Afghan and NATO security forces have stopped the attack in Kabul that killed 14 people. It took 20 hours, but the last two militants were cleared from their high-rise hiding spot early Wednesday morning.
U.S. Ambassador to Afghanistan Ryan Crocker downplayed the attacks, despite the fact that U.S. embassy was hit by six rocket-0propelled grenades.
This really is not a very big deal, a hard day for the embassy and my staff who behaved with enormous courage and dedication, Crocker told reporters Wednesday.
The Taliban claimed responsibility for the attacks, which started on Tuesday morning, and Crocker added that the U.S. believes the militants belonged to the Haqqani network, a Pakistan-based insurgent group with close ties to the Taliban.
If that's the best they can do, you know, I think it's actually a statement of their weakness and more importantly, since Kabul is in the hands of Afghan security, it's a real credit to the Afghan National Security Forces, he said.
Haqqani is based in North Waziristan, Pakistan, close to the Afghan border. Terrorists groups have been able to thrive in the lawless region between two countries in recent years, which has caused a serious security risk to both Pakistan and Afghanistan.
On Tuesday morning, five armed militants planted high up on a building next to the U.S. embassy fired down upon the embassy with rockets and machine guns. Local police and Black Hawk helicopters fired at the gunmen by the embassy, killing two. The other three insurgents hunkered down in the building, using hand grenades to keep local and NATO troops from getting too close.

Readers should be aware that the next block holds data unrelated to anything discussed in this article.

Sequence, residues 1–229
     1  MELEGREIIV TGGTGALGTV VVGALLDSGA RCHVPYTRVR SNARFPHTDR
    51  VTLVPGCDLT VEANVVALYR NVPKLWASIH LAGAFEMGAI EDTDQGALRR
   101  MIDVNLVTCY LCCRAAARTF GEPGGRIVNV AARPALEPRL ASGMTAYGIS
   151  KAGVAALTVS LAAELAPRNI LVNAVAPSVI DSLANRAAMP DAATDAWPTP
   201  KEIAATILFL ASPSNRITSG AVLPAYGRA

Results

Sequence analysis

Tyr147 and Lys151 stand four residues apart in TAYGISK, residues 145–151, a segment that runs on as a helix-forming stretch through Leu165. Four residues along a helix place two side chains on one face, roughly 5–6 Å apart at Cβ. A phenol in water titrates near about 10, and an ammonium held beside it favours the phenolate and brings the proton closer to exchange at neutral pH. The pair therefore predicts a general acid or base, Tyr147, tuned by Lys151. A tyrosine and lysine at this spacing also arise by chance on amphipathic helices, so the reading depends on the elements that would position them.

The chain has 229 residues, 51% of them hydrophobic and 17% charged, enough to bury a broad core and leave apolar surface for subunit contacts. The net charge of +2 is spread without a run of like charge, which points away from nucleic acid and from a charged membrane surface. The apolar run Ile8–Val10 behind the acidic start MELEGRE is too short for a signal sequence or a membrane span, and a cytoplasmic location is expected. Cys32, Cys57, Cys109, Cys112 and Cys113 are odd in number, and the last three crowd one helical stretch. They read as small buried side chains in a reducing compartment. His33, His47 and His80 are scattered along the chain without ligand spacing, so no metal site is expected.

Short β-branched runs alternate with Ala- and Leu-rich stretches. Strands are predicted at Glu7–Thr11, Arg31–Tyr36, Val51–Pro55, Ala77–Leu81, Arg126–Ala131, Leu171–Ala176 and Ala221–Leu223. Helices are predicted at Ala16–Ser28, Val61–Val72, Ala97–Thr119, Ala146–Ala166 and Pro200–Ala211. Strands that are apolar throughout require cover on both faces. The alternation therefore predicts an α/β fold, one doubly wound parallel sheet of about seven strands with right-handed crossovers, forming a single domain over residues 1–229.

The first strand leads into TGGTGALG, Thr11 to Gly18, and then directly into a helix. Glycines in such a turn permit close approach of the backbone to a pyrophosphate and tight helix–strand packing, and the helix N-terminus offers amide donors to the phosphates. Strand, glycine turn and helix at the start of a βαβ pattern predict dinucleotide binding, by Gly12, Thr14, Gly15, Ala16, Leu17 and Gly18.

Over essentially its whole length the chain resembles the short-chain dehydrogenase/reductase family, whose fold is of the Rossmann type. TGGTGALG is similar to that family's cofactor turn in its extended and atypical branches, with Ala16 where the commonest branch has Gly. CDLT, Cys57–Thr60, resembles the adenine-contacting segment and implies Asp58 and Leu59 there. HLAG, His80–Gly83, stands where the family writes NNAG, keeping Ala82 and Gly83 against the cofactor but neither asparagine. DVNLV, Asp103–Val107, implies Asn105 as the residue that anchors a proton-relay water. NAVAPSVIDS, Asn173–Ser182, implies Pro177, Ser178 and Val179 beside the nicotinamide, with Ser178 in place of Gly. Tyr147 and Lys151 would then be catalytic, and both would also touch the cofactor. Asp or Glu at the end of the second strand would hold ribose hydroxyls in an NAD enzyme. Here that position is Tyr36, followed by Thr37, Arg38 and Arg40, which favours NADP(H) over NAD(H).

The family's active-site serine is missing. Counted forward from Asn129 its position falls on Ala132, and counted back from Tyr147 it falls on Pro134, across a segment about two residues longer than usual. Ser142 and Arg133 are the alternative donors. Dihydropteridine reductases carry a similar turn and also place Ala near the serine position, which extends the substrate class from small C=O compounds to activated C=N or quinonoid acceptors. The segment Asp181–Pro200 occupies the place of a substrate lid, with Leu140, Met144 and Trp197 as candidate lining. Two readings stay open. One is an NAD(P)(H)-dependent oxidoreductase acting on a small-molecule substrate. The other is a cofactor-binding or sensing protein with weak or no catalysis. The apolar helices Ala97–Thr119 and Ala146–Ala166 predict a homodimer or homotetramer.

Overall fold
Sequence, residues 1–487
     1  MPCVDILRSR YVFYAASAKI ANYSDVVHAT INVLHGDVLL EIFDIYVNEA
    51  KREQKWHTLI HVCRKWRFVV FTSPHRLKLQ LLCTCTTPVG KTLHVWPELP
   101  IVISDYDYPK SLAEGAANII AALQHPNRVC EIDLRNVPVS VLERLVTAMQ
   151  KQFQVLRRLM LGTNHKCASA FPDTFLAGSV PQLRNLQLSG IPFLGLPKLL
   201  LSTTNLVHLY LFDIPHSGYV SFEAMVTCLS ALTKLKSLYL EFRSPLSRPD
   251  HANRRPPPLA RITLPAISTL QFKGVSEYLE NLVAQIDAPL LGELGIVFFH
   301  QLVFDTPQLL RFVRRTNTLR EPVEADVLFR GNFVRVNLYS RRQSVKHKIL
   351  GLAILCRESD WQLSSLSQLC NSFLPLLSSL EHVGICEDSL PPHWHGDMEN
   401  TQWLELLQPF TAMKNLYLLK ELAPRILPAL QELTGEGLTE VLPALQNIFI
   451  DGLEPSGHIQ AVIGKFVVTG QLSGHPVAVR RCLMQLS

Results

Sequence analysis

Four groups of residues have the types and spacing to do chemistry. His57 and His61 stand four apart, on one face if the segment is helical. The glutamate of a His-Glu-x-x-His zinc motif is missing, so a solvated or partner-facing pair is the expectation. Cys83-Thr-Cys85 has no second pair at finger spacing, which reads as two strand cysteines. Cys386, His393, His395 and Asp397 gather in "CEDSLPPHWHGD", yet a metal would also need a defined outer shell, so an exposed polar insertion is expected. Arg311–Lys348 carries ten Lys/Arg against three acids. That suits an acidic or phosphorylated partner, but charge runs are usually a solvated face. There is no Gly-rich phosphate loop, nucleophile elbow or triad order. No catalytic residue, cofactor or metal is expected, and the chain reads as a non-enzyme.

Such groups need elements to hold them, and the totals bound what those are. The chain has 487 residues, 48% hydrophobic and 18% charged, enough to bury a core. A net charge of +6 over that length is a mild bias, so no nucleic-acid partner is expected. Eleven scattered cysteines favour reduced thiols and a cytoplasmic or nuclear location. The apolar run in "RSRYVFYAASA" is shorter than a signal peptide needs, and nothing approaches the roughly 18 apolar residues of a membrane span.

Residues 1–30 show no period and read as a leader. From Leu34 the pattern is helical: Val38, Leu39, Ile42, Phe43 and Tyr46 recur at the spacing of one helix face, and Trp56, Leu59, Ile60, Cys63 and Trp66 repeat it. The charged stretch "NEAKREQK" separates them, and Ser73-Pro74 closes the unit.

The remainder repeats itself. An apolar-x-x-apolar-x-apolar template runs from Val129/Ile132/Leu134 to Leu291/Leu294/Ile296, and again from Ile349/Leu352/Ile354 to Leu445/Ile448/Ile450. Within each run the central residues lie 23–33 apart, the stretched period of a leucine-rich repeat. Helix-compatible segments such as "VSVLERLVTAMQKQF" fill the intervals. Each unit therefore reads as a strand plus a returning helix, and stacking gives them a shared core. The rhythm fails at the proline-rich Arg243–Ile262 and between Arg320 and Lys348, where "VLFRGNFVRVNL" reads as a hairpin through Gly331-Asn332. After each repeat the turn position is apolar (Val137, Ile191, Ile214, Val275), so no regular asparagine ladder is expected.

Contemporaneously, there were attacks on NATO headquarters, a police station and an intelligence office in Kabul, which were followed by at least three attempted suicide bombings near the airport.
The insurgency comes only two days after the tenth anniversary of Sept. 11, the tragic terrorist attack that directly led to the United States' war in Afghanistan.
In June, President Barack Obama announced that 10,000 U.S. troops would be withdrawn from Afghanistan by the end of the year, with the final 30,000 to be removed by 2012.
Transition will proceed on pace. Again, you know, not a fun day at the embassy yesterday but it was harassment rather than a direct attack, Crocker said.
That tells me that Afghan forces are first able to prevent really major operations and I feel good about what yesterday shows about their ability to minimize threats.
We are witnessing that the Taliban try to test transition but they can't stop it, Anders Fogh Rasmussen, the Secretary General of NATO, commented. Transition is on track and it will continue.
The Taliban has said that it will not stop fighting until all foreign troops are out of Afghanistan.
Last Saturday, two Afghan civilians were killed and 77 U.S. troops wounded when the Taliban detonated a truck bomb at the Combat Outpost Sayed Abad in Wardak province.
The type of multi-staged attacks seen on Tuesday is being used with increasing frequency in Afghanistan, as well as by insurgent groups all over the world. To maximize casualties, militants will detonate one explosive and then wait for police and emergency personnel to respond before detonating a second.
Insurgents have also shifted their focus from civilian to government targets, with hopes of destabilizing the state or scaring foreigners out of their country.